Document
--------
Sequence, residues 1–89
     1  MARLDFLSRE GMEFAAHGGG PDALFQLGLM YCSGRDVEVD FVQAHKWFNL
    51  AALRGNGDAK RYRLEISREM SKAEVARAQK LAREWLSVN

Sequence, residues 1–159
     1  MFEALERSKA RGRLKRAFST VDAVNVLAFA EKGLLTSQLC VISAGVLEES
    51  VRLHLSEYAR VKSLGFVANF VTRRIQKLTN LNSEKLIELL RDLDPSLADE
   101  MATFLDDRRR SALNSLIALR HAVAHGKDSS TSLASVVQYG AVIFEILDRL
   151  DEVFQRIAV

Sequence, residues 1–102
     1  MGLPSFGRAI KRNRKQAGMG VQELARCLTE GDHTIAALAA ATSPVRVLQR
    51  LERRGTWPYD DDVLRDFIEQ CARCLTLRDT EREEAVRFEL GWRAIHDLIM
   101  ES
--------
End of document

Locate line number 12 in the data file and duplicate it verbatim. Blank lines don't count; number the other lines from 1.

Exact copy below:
   101  ES